In order to avoid fasting the entire day, a Siyyum (the festive completion of study of a text of rabbinic literature) is conducted followed by a Se’udat Mitzva (the festive meal celebrating the performance of a mitzva.)

We are all invited, on this coming Friday to Shacharit at 7:30 am, after which Yiftah will conduct a Siyyum – to mark finishing the study of Tractate Hulin.


Chametz Timetable:

Thursday, April 18-Search for Chametz in the evening.

Friday, April 19-Latest time to eat Chametz ♦ 10:03 a.m.

Burning of Chametz ♦ Before 11:22 a.m 

Don’t forget to sell your Chametz by  Thursday morning

From Rabbi Isaac Klein’s 

“Guide to Jewish Religious Practice.”

We begin counting the Omer- Motzaei Shabbat,

20.4 night after Maariv

The period between Pesach and Shavuot is called Sefirah (counting). The name is derived from the practice of counting the ‘Omer’, which is observed from the night of the second Seder of Pesach until the eve of Shavuot.

The Sefirah period is a time of sadness. According to the Talmud, this is because twelve thousand of Rabbi Akiva’s disciples died one year between Pesach and Shavuot (B, Yeb. 62b; Otsar Hage’onim Yebamot, p. 141).

The rabbis explain that this massacre took place because the disciples did not respect each other. Historians connect the event with the Hadrianic persecution, which followed the Bar Kokhba revolt in which Rabbi Akiva was involved (Wahrman, Nagel Yisra’el Urndadaw, p. 166).

Some associate the somberness of these days with an even earlier period of Jewish history. The fruits of the field ripen during the time encompassed by Sefirah, and it is, therefore, a period of uncertainty – of hope and prayer that our physical sustenance will be continued in abundance (Abudraham Hashalem, p. 241; B. R. H. 16a).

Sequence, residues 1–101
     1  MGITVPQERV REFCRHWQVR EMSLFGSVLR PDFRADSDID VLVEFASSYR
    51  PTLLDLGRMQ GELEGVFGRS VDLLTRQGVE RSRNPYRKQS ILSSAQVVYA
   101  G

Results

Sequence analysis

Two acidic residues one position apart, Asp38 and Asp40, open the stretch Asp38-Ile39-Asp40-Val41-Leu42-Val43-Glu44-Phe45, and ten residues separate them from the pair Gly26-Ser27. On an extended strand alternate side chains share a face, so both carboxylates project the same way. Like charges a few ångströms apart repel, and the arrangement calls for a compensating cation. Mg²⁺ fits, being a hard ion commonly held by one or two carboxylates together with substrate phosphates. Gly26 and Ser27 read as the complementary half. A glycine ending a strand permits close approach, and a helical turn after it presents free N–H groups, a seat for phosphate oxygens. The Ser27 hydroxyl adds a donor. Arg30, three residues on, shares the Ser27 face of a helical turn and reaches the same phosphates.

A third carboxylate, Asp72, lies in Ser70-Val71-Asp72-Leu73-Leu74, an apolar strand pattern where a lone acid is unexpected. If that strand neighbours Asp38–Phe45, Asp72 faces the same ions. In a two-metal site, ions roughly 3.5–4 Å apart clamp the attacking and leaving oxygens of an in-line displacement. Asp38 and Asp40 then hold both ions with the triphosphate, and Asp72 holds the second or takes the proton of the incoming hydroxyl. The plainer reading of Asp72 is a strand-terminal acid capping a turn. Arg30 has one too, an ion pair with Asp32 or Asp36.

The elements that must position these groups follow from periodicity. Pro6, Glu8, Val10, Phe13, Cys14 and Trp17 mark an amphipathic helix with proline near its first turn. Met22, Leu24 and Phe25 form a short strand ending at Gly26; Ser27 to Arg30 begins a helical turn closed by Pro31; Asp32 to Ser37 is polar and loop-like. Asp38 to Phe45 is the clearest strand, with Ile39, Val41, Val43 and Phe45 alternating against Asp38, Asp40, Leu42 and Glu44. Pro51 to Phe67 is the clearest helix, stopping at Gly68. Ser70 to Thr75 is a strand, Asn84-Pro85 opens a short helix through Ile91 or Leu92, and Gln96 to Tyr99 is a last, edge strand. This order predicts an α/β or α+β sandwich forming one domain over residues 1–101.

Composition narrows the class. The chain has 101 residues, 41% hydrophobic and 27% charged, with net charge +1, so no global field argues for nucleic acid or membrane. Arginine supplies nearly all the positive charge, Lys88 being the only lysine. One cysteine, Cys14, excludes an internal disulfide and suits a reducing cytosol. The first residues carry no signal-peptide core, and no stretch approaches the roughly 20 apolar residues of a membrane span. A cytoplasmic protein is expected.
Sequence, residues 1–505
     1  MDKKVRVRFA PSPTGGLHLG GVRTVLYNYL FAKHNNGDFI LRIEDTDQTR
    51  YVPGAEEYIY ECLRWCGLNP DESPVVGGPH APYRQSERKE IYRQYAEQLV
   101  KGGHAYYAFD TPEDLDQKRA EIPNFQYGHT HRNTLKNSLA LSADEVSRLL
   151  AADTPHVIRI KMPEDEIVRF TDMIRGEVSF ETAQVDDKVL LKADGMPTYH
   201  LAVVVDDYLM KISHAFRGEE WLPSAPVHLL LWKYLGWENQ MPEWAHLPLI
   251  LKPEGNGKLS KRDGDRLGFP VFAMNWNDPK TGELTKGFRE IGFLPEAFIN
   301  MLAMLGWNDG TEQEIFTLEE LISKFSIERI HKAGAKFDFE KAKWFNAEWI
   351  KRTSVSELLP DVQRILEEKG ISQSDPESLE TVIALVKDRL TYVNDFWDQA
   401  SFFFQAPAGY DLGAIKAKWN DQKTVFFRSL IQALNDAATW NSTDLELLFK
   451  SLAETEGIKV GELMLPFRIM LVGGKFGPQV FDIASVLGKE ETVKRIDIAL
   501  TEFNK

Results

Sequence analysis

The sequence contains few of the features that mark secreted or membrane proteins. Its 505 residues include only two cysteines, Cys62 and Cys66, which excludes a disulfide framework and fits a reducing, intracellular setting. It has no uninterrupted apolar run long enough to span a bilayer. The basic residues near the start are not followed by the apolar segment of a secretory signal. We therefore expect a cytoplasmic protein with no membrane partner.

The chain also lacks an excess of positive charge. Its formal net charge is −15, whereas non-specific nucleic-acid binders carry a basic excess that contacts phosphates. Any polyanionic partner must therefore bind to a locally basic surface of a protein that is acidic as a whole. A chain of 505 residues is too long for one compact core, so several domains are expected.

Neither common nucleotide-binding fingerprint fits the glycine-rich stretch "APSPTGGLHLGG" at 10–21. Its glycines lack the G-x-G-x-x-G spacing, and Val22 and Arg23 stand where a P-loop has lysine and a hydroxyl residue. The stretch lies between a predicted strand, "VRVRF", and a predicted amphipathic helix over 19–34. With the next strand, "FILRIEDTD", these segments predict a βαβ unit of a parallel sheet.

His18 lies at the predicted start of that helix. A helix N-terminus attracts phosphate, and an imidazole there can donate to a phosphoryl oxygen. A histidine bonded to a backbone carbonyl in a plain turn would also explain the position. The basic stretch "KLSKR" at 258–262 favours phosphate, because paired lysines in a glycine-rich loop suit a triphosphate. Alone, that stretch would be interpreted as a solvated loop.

A contemporary scholar has suggested that this uncertainty was due, in particular, to the fact that in Israel, the hot winds, which are so harmful to the crops, blow between Pesach and Shavuot (Wahrman, Hagei Yisra’el Umo’adaw, p. 171).

The  ‘Omer’  could no longer be brought to the Temple of Jerusalem after the destruction. The counting was continued, however, as a  Zekher Lemikdash(Remembrance of the Temple) – hence another reason for sadness (B. Men. 66a; Kol Bo, chap. 55; Maimonides, Hil. Sefirat HaOmer). It was easy to superimpose other sorrowful memories on such a period, and the Hadrianic persecution was the most prominent of these.

The Crusades added another reason for sorrow, especially for the Jews of Germany, since the massacres perpetrated by the Crusaders also took place at this time of the year (0.H. 493:2 in M.D. 2).

Another reason for sadness was added in modern times. While the crematoria and gas chambers of the Nazis operated all year round, some notable tragic events took place in the Sefirah period. The last great deportation to the gas chambers of the Jews of Hungary took place during the Sefirah period. The Parliament of Israel fixed the twenty-seventh of Nisan as Yom HaShoah – the Memorial Day for those slaughtered by the Nazis during World War II. In addition, the day before Israel Independence Day is called Yom HaZikaron – Memorial Day for those who died in Israel’s wars and because of acts of Terror.

These sad events are memorialized by our refraining from participation in joyous events during this period. No weddings should take place, and it is customary not to have the hair cut (0.H. 493:2). No event involving music and dancing should be scheduled during Sefirah (0.H. 493:1 in M.A. 1). Nowadays, many observe the mourning customs until Lag B’Omer (0.H. 493:1 in Rama).

Song of the Week

V’hi SheAmda- melody by Yonatan Razel

Performed by Shwekey & Shlomi Shabat

Pesach Kasher V’sameach!